Flightline (Tapit) showed he was quick from the start with his 13 1/4 long “TDN Rising Star” worthy debut, but he proved his elite talent status in his last stunning performance when he threaded the cruise control in the GI Runhappy Malibu S., gaining 11 ½ lengths and gaining a 118 Beyer speed figure.
The impressive colt owner group of Hronis Racing, Siena Farm, Summer Wind Equine, West Point Thoroughbreds and Woodford Racing have undoubtedly spent much of this New Year celebrating their star’s unforgettable second season while awaiting his next departure.
Meanwhile, another of Flightline’s connections is also eagerly awaiting what the colt could accomplish in 2022 while recalling the impact he had during his short time with her.
April Mayberry, whose Mayberry Farm broke up and trained Tapit’s son, proudly watched Flightline show off the extraordinary talent she always thought he could have.
“It gives me chills to watch it,” Mayberry said. “To think that you were one of the first people to think that this ability was there and then to see it come true is a really cool feeling.”
Flightline arrived at Mayberry Farm in 2019 after selling to West Point Thoroughbreds for $ 1 million in the Fasig-Tipton Saratoga sale.
“When he first came along he was such an impressive horse,” Mayberry recalls. “He already had 16 hands. When we started the process of breaking up it occurred to me that maybe he had already started because he was so quiet. Everything he did was easy. He came like a ready-made horse. There was no learning curve with him because he already knew everything one way or another.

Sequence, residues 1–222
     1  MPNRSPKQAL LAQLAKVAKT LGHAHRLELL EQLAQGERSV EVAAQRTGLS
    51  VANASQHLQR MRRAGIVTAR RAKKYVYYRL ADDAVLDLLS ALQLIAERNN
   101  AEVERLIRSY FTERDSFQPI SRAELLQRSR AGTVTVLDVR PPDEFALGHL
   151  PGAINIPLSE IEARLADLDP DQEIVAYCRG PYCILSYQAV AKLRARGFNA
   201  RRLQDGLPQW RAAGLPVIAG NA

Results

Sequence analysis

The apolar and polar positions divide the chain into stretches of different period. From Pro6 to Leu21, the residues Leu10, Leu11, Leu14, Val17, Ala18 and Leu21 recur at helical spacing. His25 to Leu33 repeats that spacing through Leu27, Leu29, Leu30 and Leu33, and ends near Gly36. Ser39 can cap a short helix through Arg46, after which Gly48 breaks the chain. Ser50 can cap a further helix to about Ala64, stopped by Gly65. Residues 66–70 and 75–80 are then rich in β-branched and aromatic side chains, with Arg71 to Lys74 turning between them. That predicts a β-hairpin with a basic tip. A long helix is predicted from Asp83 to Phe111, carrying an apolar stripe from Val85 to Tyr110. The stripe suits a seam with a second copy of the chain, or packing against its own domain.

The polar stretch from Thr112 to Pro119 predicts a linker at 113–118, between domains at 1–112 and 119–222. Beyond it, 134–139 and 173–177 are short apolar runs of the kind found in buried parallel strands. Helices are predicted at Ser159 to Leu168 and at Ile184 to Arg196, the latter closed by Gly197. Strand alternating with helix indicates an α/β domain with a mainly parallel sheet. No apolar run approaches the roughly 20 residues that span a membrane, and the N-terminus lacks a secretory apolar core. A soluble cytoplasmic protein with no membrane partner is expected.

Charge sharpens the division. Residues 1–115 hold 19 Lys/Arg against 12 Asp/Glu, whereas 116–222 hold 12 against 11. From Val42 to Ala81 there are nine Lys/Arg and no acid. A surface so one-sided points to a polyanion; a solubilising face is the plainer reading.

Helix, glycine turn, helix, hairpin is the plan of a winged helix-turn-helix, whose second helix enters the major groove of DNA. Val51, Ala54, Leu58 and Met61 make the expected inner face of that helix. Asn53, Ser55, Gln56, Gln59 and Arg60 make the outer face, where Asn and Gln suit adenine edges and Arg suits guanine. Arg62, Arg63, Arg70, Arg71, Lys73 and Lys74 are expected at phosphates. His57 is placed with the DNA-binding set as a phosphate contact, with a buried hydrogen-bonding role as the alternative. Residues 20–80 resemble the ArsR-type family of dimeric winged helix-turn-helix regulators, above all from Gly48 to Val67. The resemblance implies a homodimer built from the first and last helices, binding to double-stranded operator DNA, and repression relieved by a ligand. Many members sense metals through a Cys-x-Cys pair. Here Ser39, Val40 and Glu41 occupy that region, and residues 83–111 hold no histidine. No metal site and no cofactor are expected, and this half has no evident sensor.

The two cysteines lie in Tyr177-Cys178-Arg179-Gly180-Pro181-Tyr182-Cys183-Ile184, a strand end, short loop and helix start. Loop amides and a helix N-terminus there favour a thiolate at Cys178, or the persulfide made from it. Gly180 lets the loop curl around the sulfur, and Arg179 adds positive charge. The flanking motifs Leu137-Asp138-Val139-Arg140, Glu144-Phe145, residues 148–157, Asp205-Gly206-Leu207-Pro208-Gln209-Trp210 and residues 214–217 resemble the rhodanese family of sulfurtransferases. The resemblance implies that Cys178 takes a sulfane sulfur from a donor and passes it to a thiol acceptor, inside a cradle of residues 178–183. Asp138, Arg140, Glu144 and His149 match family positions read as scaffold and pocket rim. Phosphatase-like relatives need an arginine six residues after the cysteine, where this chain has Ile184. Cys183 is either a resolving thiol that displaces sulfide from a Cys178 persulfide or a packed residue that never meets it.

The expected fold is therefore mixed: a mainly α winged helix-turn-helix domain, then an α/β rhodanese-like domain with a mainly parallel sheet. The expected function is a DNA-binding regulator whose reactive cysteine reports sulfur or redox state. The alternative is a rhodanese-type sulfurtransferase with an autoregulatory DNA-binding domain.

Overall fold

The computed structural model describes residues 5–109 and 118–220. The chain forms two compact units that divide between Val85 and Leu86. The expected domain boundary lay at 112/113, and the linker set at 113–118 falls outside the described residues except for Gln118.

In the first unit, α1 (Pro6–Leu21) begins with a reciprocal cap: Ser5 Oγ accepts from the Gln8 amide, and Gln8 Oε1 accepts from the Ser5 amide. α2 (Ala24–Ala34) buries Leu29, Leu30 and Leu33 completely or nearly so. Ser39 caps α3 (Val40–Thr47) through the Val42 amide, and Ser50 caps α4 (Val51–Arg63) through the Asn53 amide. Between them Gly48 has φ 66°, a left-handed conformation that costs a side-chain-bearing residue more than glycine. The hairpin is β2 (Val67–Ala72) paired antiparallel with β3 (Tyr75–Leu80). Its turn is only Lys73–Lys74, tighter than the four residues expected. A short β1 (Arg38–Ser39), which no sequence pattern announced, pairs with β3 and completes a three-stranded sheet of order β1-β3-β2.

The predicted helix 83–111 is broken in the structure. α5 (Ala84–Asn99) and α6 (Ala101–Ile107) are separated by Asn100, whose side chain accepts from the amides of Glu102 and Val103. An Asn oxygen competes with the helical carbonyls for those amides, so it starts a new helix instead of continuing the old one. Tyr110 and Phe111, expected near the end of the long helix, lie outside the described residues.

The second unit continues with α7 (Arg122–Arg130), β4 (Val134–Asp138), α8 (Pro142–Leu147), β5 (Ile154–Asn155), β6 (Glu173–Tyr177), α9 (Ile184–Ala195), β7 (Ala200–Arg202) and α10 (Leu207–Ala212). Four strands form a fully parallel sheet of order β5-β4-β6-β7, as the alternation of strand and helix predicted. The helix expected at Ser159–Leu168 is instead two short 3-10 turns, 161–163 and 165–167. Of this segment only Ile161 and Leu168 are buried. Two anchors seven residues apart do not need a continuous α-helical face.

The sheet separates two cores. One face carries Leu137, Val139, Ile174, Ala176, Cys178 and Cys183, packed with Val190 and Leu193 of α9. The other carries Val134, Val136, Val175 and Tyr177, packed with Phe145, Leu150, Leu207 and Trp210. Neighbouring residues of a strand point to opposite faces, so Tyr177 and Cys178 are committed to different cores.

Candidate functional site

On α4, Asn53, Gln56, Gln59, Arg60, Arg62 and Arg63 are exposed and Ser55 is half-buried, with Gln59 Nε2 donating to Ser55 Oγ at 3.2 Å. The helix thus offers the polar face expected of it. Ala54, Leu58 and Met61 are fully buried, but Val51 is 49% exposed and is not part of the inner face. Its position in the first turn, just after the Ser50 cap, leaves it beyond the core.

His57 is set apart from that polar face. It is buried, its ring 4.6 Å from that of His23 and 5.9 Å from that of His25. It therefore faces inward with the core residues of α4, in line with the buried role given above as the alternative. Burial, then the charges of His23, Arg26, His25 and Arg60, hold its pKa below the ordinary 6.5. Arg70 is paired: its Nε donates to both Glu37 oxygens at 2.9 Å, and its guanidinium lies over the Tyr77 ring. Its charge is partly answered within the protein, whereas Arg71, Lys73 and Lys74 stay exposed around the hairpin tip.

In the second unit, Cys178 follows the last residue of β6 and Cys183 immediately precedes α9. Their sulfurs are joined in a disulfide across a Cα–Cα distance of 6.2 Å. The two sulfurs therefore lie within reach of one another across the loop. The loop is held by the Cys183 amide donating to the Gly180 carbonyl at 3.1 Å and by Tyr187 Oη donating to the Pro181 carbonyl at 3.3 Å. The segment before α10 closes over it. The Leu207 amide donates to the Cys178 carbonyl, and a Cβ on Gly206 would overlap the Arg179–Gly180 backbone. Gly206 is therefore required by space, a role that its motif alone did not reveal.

Mayberry said the young colt had a certain air about him, suggesting he already had a sense of how special he was. She recalled that he stopped by the timekeeper’s stand each morning before returning to the barn after a practice session so he could pose for the spectators.
“It was one of those horses, and there have only been a few in my life, where if they started talking to you, you would just answer them,” she said. “It wouldn’t be like, ‘Wow, that horse is talking to me.’ You’d just answer him. He was that kind of horse, super smart and classy in everything he did.
While Mayberry noticed Berry’s intelligent personality early on, it wasn’t until he started to blow that she knew his abilities were also exceptional.
“I always thought he was probably a really good horse, but on the first day we kind of let him pick him up a bit, that sealed the deal,” she said.
Shortly after Flightline started to blow, Agent David Ingordo came by for a visit. Mayberry remembers standing by the runway and waiting for Flightline to appear when they heard a commotion coming from the barn.
“David and I went back to the barn to see what the problem was and found that Flightline had decided to cut off the back of the stall door,” Mayberry explained. “It was a breathtaking injury, what are we going to do, but we were pretty sure everything would be okay after the vet came over and stitched it up.”
For weeks, the Mayberry Farm team tended to Flightline’s injuries daily and cared for the foal on long days off in the stall.
“This horse has never turned a hair,” recalls Mayberry. “Often with injuries in horses, a lot depends on the horse whether it is a good patient or not. This is a big part of the battle. But he knew everyone was there to help him.
After two months the injury was healed and Flightline resumed training as if he had never had a day off. With an almost imperceptible scar on the back, Flightline was sent to John Sadler and thrived in his training there, just as he had done in Ocala.